If you’re a bride who is proud of your budget, anticipate that no matter what the budget actually is, there will be a few vendors who make you feel like a cheapskate even if you’re willing to put down a sizeable amount of cash.
About that time my budget started to feel bad, that’s when I should have done a 180 to reclaim my wedding planning, yet it took about 4 weeks of unsettled nights before I threw in the towel and reclaimed our wedding.
We originally looked into, and fell in love with, a venue out in Palm Springs, California. It offered an all-inclusive package that was beyond what I felt was right for our budget, but it had a great vibe and solved a lot of the problems that come to planning a wedding from 1,000 miles away.
The venue was super nice in answering all my questions, and truthfully, I wanted it to work. I knew that this would eat up a large part of my budget since they had some rock solid food and beverage minimums. Additionally, it would mean that we couldn’t have the date we wanted since the food/beverage minimum jumped over $5,000 between Saturday and Sunday.
I knew they were a popular venue, but that astounded me- over a $5,500 price difference to book and eat for a wedding on a Saturday vs. Sunday. Yes, I totally get market demand- but it also makes me wonder how inflated and arbitrary wedding prices can be. Was this wedding venue so amazing and so popular that it could justify a $5,500 price difference in a 24 hour window? Maybe so, for someone else!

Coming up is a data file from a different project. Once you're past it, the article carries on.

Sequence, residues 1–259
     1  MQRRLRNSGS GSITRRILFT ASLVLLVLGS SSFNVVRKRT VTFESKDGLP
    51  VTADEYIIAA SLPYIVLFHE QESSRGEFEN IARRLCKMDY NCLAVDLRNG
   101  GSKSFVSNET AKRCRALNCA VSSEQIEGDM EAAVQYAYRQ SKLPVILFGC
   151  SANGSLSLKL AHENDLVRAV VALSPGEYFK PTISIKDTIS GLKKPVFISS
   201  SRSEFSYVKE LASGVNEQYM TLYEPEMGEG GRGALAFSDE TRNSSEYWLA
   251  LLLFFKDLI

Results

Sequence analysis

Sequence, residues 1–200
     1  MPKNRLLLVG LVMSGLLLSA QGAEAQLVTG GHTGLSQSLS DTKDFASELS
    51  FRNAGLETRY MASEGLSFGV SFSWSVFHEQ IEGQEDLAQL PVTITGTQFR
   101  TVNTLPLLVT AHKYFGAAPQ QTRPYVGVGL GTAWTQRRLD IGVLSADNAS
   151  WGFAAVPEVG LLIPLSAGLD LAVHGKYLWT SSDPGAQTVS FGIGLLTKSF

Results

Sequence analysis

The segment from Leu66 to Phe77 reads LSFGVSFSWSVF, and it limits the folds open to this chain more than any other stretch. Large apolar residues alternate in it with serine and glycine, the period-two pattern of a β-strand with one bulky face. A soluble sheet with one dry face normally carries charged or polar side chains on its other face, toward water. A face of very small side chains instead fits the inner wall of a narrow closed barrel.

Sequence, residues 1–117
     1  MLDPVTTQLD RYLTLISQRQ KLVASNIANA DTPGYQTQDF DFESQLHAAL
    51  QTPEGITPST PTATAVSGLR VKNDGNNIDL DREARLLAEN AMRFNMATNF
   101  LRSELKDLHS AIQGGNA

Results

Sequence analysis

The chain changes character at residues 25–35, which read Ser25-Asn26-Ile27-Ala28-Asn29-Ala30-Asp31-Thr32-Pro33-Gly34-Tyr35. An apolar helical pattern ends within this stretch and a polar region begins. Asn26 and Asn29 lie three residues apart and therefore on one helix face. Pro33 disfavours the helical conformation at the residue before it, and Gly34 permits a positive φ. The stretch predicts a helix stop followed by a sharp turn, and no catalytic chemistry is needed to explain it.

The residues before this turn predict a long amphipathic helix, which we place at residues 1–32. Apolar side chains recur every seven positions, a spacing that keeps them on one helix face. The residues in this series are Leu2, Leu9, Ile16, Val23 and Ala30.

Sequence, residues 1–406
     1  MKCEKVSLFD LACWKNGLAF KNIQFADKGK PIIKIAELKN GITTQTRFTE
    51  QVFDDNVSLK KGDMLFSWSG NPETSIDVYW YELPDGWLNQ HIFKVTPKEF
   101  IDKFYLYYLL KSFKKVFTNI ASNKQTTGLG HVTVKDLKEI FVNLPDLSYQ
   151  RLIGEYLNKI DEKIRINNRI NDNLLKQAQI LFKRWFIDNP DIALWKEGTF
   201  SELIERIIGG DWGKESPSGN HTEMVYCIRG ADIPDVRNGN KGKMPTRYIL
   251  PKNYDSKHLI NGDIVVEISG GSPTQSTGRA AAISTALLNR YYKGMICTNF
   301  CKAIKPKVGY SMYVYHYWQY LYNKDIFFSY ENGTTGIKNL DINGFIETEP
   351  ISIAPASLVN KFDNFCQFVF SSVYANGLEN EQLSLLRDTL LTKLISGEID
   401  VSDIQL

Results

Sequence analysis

I stressed and stressed. We made spreadsheets. We had to make it work. I felt powerless in the situation so I tried to regain control by making sacrifices of things I wanted elsewhere for our wedding and recrunching numbers. For weeks, I grappled with the decision, and quite frankly, couldn’t make one.
Here’s your sign.
Well, the final nail in the coffin came when I asked about s’mores. I wanted s’mores. Could they do that? You bet! For $9.95 a person. Great! For $1,000 I could have s’mores that cost about, I don’t know, $100 in materials to put together.
Here’s the deal. To me, a cake can be worth $1,000. Cakes are cool. They take talent and you usually have to go to baker’s school (or whatever it’s called) to make wedding cakes worth $1,000. Right? S’mores are usually made by the guests (that’s the point to me, they’re fun for kids too) and it’s a fun experience with little expertise necessary.
I couldn’t take it. That was a crazy chunk of change for a bunch of grocery store items haphazardly assembled over an open flame. Since I wasn’t allowed to bring in my own food/beverage for this venue so I could still have my (non)cake and eat it too, this was a deal breaker.
I finally had a beautiful sense of clarity. This venue wasn’t right for us & I couldn’t force it to be right.
Sometimes, indecision is a good thing. A money saving, sanity saving, very good thing.
Look, I know it was probably obvious to you, but it totally wasn’t obvious to me until it had to get so bad, so out of whack I finally reached the tipping point of crazy.
I was even previously questioning if I even wanted to get married at all because I’d had such a bad time figuring out a venue that was still quirky, retro, comfortable and unique but wasn’t going to cost $18,000 just to sit down and eat at.
We’ve found a venue that’s much more in our price range and also didn’t make me feel like a $20,000 budget (which I know we will go over) was “cheap”… and it allows for BYOB, open fires (for s’mores..or you know, for other fun things), and more options for catering or food trucks if we want!
And a spoiler…this is the new venue we’re looking at…
…it helps that one of the mockup weddings from Amorology hit the nail on the head for what we’re after: retro, comfy, unique, quirky. It also helps that they rented scooters from Route 66 Scooters. Yes… I’m trying not to jinx it with how. many. right. things. there. are.
Source: Green Wedding Shoes & Amorology
Sanity. Restored. We hope.